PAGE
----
Eight hours pass. I roll for wandering monsters in the marsh. At this point, if a crocoile showed up, it would simply eat him. But nothing comes. He also has to make a Fortitude save against the infection from the ghoul bite. He succeeds (for now). He wakes up with rain falling on his face, back at 1 hp.

Wisely, he realizes he isn't going to make it home in this condition. He looks down in the hole. No sign of the ghouls, but they're probably lurking out of sight. He attaches a hook to his rope, and manages (with a successful Use Rope check) to haul up his cousin's discarded backpack without spilling it. Inside are a bunch of scrolls and healing potions. We roll to see if the potions were broken when the ghouls tore apart the body. They were not! He drinks them, and he's back on his feet.

Navigating by the sun and by vague memories of the landmarks he saw on the way there, he manages to retrace his steps and get out of the marsh. His good luck with encounter rolls continues, and doesn't meet anything deadly (just some satyrs, who run away despite his pleas for help). He spends a night in an olive tree.

His ghoul bite worsens (failed Fortitude save) and his skin starts rotting away (gradual Constitution damage). He's pretty close to town now, but he doesn't know it, and spends most of a day taking wrong turns and blundering around in the woods.

Absurdly, just before he finally finds his way out, a wandering monster roll produces an encounter with the Egg Man - the very thing the players were originally trying to find. It steals one of his scrolls and disappears.

The thief makes it back to town and gets his ghoul infection cured just in time. His dead cousin (the monk/wizard) has enough money set aside to pay for a reincarnation spell. He passes his system shock and returns to life as a meerkat.

All told, I think it was about an hour of real time from when the first character died to when the survivor made it back to town. The whole time was pure suspense; a couple unlucky rolls would have done him in.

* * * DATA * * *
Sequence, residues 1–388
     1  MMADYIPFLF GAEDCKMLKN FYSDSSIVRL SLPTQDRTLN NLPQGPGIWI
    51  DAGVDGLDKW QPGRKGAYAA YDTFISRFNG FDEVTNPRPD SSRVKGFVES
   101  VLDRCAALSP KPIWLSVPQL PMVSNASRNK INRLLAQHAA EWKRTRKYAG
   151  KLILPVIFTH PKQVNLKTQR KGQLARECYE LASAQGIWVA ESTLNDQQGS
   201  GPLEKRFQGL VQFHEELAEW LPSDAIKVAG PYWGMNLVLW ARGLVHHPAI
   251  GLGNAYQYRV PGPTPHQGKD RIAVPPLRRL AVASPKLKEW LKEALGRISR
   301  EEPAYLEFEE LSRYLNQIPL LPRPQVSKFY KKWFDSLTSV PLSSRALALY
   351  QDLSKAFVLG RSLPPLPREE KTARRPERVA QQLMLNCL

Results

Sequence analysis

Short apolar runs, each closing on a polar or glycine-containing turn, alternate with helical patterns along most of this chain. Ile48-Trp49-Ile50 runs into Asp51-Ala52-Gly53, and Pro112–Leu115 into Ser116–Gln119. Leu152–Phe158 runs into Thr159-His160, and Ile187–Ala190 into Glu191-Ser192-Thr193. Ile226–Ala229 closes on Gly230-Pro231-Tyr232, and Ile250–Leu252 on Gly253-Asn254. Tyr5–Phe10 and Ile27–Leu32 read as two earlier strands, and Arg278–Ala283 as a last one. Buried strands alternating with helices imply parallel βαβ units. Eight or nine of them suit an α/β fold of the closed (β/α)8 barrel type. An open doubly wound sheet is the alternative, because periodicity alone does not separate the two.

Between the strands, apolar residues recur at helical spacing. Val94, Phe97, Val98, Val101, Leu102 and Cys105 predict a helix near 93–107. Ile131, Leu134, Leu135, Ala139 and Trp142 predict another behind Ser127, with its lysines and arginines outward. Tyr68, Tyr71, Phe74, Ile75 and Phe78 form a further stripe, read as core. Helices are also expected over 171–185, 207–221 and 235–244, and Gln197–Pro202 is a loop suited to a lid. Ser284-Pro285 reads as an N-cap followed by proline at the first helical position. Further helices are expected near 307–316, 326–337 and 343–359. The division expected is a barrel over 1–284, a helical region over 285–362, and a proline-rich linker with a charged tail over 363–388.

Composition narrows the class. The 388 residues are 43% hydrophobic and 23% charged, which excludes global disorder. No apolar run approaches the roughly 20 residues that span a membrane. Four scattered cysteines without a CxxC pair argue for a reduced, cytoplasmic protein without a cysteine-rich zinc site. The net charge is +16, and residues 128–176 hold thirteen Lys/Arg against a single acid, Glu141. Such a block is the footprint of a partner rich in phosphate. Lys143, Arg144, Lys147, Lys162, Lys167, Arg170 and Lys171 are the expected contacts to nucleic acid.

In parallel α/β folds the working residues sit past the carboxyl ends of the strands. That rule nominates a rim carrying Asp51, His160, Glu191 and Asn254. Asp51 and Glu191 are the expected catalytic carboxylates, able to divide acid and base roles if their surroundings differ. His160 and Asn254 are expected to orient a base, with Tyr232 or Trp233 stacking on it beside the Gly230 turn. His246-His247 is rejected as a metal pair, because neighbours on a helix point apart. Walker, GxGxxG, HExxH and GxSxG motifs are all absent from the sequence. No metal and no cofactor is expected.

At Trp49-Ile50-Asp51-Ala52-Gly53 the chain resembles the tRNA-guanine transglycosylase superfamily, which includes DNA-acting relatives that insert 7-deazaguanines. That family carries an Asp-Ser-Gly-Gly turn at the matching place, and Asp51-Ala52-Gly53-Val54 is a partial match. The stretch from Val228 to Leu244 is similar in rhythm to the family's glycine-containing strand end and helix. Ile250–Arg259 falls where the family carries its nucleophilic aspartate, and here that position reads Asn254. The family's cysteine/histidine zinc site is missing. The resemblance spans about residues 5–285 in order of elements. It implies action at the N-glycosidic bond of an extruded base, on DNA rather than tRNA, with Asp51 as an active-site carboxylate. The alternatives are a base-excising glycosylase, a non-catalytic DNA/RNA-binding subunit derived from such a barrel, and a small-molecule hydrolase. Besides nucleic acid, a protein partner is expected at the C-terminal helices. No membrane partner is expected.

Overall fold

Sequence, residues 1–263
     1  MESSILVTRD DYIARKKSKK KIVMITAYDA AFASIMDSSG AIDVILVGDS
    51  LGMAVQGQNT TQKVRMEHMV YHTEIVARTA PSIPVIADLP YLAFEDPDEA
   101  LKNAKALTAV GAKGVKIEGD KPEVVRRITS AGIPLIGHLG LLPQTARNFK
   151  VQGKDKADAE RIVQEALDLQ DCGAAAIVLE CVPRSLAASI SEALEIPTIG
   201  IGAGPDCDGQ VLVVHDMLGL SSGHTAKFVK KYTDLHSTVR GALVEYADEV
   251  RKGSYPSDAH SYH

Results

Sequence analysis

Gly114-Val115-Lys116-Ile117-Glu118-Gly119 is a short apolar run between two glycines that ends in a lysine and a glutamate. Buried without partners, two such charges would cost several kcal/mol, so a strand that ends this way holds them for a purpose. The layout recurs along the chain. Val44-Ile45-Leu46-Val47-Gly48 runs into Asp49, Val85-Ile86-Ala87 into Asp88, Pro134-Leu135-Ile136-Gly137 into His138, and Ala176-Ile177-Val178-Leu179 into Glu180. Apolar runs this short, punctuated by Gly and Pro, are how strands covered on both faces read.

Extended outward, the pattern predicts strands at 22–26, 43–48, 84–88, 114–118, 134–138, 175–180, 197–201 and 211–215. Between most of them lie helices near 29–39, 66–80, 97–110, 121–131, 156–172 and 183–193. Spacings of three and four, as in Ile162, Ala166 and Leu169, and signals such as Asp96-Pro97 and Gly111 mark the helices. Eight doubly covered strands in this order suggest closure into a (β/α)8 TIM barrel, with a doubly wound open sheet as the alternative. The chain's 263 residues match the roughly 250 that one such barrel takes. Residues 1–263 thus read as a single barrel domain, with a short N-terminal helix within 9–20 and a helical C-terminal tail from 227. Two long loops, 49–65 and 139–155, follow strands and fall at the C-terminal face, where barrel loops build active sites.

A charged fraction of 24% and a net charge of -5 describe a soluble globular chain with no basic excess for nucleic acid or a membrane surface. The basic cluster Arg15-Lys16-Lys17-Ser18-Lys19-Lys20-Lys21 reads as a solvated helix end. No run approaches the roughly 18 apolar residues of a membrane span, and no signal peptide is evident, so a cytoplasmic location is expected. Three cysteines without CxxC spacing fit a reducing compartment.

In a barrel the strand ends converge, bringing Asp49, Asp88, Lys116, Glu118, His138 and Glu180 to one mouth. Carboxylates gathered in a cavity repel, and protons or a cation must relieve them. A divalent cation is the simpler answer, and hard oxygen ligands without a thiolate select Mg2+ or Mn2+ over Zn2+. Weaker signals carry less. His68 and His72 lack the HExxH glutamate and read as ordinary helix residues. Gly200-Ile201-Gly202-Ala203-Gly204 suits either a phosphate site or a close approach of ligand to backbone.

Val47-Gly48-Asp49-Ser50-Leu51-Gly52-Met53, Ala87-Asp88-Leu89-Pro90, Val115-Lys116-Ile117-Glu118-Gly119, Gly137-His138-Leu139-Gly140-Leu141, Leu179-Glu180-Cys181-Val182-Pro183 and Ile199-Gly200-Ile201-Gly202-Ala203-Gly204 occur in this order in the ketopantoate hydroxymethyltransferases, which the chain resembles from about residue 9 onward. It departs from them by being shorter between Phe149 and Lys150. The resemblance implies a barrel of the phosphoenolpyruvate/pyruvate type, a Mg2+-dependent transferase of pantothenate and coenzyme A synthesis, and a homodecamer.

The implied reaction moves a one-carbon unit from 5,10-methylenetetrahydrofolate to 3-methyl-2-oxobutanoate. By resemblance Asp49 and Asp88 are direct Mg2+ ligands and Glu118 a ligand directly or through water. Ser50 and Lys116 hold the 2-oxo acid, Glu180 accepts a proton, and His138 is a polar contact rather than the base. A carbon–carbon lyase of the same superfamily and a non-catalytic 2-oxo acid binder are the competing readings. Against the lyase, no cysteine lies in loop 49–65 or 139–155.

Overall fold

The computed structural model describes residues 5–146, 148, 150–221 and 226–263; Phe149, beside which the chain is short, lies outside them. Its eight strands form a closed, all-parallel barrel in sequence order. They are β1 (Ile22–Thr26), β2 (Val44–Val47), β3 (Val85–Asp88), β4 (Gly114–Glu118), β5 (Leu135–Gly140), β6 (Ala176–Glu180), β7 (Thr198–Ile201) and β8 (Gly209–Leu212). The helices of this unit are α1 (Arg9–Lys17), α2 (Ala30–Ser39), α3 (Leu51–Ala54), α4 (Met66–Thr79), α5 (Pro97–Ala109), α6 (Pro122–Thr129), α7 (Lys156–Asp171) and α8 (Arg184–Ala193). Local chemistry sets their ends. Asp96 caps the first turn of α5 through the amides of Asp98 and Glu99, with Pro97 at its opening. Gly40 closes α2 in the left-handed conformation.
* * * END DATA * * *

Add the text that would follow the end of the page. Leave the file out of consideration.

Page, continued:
The player of the dead monk signed off shortly after he died, only to return twenty minutes later. He said he couldn't sleep until he found out what happened.

The thief player came out of his harrowing solo adventure with a changed attitude. He no longer acted like an uncertain novice, deferring to the other players' wisdom. Having seen that he had what it took to survive in the game, and having seen his own instincts vindicated in the ghoul incident, he started taking on a much more active planning and leadership role among the group.

All in all, I couldn't have come up with a better story if I tried. The death of the mentor; sudden responsibility thrust on an unprepared neophite; heroic risks to save a family member; half-remembered details suddenly becoming essential landmarks; and the outraregously silly cameo by the Egg Man to bookend the whole thing. Yet the whole adventure just came out of the maps and rules and dice rolls, and the players' own choices.

So, that was a perfect session. Later, I'll write something about some of the less satisfying ones.

Paul T.'s picture

I really enjoyed this, on many different levels. And what a great moment in play!

Of course, however, the less-than-satisfying moments and issues are where the real learning happens, so I'm looking forward to that even more.

Please do come back and tell us more about this game!